Saturday, May 31, 2014

The Berlin File

Jason Bourne as a North Korean spy... so to speak. I guess Bourne as super-spy, not Bourne as genetically modified, drugged up super warrior. Jong-seong is working in Berlin, brokering an arms deal with some Russians and Arabs. When the deal goes bad (Mossad shows up) he is on the run and trying to find out who blew the lid open. Now he and his wife are chased by both Mossad, the Arabs, and South Korean agents looking to close the illegal arms traffic to their peninsula. Part of the fun is the non-stop action, and part is the psychological "who is the mole?" investigation that happens simultaneously. Having seen a few of these Korean spy-action films recently, I can definitely see the influence they have had on US action films in the genre (see nearly any Statham film) where the protagonist is battered, beat up, and single minded in achieving the goal. Jong-seong is clearly single-minded here in spite of everything else. He manages to portray an honest weariness while running, searching and fighting.

3 stars (out of 5)

Friday, May 30, 2014


Jon Favreau (of Iron Man and Avengers directorship fame, and Cowboys and Aliens which I have taken heat for liking) wrote and directed this father-son, road trip, food film. Favreau play El Jefe, a hip restaurant chef in LA who find himself creatively stifled. When he blows up and loses his job, he takes his son back to his roots in Miami, picks up and rehabs an old food truck, and embarks on a journey back to LA. What makes this film good is the outstanding Cuban/Latin soundtrack and the few moments of genuine connection between father and son as they traverse this journey of self discovery. What prevents this film from being great is editing. Cut 20 minutes out (probably most of it in the LA chef setup) and the pacing keeps me from checking my watch and getting bored.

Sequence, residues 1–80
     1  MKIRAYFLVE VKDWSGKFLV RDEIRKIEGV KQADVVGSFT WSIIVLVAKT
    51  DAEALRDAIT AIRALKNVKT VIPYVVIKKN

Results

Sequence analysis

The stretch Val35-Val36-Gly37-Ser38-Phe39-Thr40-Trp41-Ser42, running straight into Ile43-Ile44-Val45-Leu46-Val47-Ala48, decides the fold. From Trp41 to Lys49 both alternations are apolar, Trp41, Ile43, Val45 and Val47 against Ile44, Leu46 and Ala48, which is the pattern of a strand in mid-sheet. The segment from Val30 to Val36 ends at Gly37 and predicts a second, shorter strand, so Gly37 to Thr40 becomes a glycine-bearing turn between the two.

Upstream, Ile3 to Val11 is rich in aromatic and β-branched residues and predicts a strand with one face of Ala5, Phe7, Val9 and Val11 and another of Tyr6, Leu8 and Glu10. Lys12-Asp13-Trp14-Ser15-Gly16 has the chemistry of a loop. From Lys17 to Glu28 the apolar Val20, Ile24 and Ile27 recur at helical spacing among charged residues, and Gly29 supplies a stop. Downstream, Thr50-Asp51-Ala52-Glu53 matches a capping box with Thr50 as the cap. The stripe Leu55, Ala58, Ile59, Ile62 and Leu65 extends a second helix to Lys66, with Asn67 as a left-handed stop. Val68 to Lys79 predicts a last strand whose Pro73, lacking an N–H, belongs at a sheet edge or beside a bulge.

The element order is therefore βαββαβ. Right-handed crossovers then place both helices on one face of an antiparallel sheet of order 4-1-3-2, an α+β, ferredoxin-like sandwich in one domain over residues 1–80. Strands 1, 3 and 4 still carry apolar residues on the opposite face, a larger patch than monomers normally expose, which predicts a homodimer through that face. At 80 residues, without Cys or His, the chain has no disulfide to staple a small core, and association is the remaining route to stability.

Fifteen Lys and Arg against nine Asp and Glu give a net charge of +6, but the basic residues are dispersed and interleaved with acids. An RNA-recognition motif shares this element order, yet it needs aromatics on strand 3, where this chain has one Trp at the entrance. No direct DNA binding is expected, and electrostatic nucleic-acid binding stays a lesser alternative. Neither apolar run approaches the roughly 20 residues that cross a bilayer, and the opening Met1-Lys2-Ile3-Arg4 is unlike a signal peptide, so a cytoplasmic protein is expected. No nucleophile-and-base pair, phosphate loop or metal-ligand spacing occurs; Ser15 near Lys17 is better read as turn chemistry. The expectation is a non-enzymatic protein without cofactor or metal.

3 stars (out of 5)

Tuesday, May 27, 2014

XMen: Days of Future Past

Now this is a summer movie. Action, time travel, superpowers. Love it. Sometime in the future Prof X and Magneto have made peace to defeat a common enemy. The enemy are sentinels, robotic hunter-assassins, who only hunt mutants (or those who have recessive mutant genes). Very Skynet-ish. I love this series because of the massive possibilities for "mutant powers". Of course, you have Wolverine and Cyclops and Storm. But we also can get anything you can imagine, and the fun comes when you put a team of these "anythings" together in a fight. They can work together and the sum is greater than the whole and all that. The main storyline is that Wolverine is sent back to the 70's to prevent an assassination by a mutant which ultimately leads to the unified human move to destroy all mutants. In the 70's, Wolverine is helped out by Quicksilver, and chases down Magneto and Mystique/Raven (she is still having an identity crisis at this point). Lest I spoil all the fun, just see it and enjoy all the campy humor and mutant fun.
4 stars (out of 5)

Tuesday, May 20, 2014

The Million Dollar Arm

Based on a true story, John Hamm plays a sport agent looking for an angle to keep his fledgling business afloat. Fledgling as in he-has-no-clients. Channel surfing one night juxtaposes cricket and a TV talent show. Bam - a brilliant idea. Go to India, run a contest to find cricket players who can be converted to baseball pitchers. Then just sign these pitchers and create your own clients. The fun in this film is the Indian scenery and people. The rest of it is pretty standard. Two kids are found, brought back to the US and dumped on the pitching coach. They don't succeed, the agent gets distracted, the girl helps him refocus, everyone gets a second chance. If the kids weren't charming this would be an straight to TV film. But there is enough humor and charm to carry it along.